BBY Flies Too Close to the Sun
We’ve avoided Best Buy in Hidden Yields because no matter how fast the company boosts its payout—and it has sent its dividend soaring in the last decade—investors bid the share price higher, putting the ingredients for a big fall in place.
That’s exactly what happened when the situation got truly ludicrous in late 2021. Anyone who bought then suffered a sickening 44% loss, even as the payout jumped:
Big Dividend Hike Is Cold Comfort for November BBY Buyers
Which brings us to another factor we need to keep in mind at all times when buying (and especially selling) dividend growers.
Payout Ratios Are Your Window on Dividend (and Share Price) Health
The key signal of whether a dividend can keep growing—and pulling up the share price—is a company’s payout ratio, which is the percentage of the last 12 months of free cash flow (FCF) that have gone to dividends.
(We prefer FCF to net income here because the latter is an accounting figure that can be manipulated, while FCF is the amount of operating cash flow left after capital expenses—a simple number that can’t be fudged.)
I demand a ratio of 50% or less for stocks I recommend in Hidden Yields (though real estate investment trusts can have higher ratios, as these companies pull in predictable rents from tenants).
If you own a “regular” stock whose payout ratio spikes above that line, especially well above, it’s time to sell. And you need to sell yesterday if your FCF payout ratio goes negative (meaning the company is paying dividends while generating negative cash flow).
The classic example is General Electric (GE), a dividend go-to that saw its payout ratio go negative with the June 2016 payout.
That was the first sign a payout cut was coming, but it was largely ignored—until GE slashed the dividend in half a little over a year later, in December 2017. The move triggered a big share-price drop from which the stock has yet to recover. (The payout has since been sliced again and now stands at just eight cents a share.)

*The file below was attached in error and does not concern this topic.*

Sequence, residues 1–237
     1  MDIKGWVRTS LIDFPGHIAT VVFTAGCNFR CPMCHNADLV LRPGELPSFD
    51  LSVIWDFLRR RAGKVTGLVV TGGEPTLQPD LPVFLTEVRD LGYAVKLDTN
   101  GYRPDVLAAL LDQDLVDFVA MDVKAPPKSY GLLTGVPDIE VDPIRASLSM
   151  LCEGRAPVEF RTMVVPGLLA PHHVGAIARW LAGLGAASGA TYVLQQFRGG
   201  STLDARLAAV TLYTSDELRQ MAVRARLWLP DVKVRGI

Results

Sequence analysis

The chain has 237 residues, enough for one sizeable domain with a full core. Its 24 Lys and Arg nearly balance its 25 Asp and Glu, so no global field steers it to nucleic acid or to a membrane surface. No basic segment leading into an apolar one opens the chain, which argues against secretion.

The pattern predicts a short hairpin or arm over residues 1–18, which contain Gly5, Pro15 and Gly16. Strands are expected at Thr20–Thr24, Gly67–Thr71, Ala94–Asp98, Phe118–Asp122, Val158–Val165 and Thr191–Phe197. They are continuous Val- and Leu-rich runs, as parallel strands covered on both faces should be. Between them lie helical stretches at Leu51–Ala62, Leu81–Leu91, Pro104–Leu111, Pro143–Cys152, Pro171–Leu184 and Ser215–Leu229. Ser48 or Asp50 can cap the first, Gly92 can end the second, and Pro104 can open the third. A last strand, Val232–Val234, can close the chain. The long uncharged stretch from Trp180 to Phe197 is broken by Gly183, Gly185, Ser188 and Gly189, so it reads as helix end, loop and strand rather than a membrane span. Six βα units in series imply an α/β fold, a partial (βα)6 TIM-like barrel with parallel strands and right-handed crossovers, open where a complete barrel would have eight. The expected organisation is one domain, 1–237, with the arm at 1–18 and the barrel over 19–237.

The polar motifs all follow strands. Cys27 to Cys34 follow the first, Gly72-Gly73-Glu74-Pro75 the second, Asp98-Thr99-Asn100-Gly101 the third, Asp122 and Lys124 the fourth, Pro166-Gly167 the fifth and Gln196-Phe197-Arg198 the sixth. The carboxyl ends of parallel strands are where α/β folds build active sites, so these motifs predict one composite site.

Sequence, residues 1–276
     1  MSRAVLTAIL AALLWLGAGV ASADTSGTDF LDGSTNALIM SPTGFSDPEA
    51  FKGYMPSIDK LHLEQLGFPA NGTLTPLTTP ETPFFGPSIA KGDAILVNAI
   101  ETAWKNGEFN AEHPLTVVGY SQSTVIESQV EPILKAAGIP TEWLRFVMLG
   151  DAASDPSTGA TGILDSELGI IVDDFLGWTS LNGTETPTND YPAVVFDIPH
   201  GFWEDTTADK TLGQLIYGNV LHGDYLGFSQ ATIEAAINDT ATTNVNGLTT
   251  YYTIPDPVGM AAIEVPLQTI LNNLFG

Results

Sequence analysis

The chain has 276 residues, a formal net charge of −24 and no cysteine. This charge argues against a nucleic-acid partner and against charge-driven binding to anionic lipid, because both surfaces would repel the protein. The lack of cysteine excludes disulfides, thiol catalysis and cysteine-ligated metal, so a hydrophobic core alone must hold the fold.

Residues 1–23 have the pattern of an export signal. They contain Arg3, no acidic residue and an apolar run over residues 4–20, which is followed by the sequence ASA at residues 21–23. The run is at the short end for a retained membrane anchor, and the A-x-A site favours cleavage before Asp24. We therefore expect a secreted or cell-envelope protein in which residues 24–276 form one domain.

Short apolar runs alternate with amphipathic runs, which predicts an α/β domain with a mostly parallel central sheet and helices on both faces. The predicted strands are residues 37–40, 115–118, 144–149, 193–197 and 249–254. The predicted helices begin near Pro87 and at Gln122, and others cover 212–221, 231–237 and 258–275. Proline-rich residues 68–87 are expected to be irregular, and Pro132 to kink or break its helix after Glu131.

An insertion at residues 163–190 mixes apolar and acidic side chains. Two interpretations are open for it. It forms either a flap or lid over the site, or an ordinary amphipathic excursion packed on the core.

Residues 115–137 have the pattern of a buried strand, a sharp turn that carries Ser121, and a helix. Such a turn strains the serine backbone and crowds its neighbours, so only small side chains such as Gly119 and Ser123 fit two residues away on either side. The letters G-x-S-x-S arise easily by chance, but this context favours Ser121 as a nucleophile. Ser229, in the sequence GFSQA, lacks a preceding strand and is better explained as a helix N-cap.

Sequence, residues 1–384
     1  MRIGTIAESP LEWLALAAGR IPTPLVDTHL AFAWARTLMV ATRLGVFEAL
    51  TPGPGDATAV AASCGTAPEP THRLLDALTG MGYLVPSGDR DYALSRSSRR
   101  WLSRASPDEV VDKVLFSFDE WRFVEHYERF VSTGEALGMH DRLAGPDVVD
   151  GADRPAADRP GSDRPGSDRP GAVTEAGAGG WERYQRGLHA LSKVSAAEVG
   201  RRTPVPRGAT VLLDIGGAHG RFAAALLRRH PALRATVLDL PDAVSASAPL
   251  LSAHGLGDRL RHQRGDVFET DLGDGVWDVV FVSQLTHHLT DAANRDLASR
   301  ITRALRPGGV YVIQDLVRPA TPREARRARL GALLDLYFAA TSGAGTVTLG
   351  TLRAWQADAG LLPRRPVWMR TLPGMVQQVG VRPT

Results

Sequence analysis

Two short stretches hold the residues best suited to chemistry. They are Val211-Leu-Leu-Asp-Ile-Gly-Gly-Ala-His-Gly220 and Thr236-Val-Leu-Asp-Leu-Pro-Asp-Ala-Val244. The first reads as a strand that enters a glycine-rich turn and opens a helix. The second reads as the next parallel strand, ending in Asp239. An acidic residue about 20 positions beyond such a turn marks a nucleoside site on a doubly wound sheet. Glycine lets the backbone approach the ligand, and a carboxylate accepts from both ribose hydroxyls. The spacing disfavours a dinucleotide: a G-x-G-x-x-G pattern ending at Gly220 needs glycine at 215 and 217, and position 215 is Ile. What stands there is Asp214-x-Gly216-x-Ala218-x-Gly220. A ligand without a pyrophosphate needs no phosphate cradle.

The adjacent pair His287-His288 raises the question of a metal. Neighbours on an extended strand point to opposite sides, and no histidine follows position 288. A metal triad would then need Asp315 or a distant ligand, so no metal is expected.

GE’s “Dividend Red Alert” Went Unheeded
Today, GE’s FCF payout ratio is a much healthier 17%, but its dividend cuts and share-price drops leave it with a pathetic 0.44% yield, which isn’t enough to get our pulses racing. And with revenue down by more than half in the last 10 years—and showing little sign of growth—there’s little hope for more payout hikes from here.
URGENT: Buy These 7 Dividend Growers Before the Fed-Driven Recession
Look, you and I both know, deep down, that the Fed will probably tip us into a recession with its outsized rate hikes. After all, Powell and Co. have been late on every single shift in the economy since 2020!
I want you to be ready—which is why I’ve assembled my 7-stock “Recession-Resistant Portfolio,” and I’m inviting you to take “kick the tires” on this collection of reliable dividend growers now.
All 7 of these firms are growing their payouts fast. And all 7 are seeing their stocks rise as those dividends continue to head north.
How will that play out for us? If the market shoots higher, I expect these 7 “recession-resistant” plays to do even better. If stocks stumble, these 7 companies’ growing dividends will help stabilize their share prices. And we’ll collect their surging dividends the whole time!
This is why, no matter what happens, I’m calling for 15% annualized gains from these 7 stout companies over the long haul.
The time to buy them is now. Click here and I’ll share my full dividend-growth strategy and give you the opportunity to download a Special Investor Report revealing the names, tickers and my latest research on all 7 of these “recession-resistant” dividend growers.
Don’t miss your chance to buy these 7 “ironclad” dividends now, while they’re still bargains!